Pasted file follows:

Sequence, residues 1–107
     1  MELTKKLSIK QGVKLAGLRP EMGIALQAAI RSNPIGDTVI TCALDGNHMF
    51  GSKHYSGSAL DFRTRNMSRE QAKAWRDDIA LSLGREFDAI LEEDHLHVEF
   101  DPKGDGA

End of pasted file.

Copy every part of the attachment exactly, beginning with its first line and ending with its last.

Sequence, residues 1–107
     1  MELTKKLSIK QGVKLAGLRP EMGIALQAAI RSNPIGDTVI TCALDGNHMF
    51  GSKHYSGSAL DFRTRNMSRE QAKAWRDDIA LSLGREFDAI LEEDHLHVEF
   101  DPKGDGA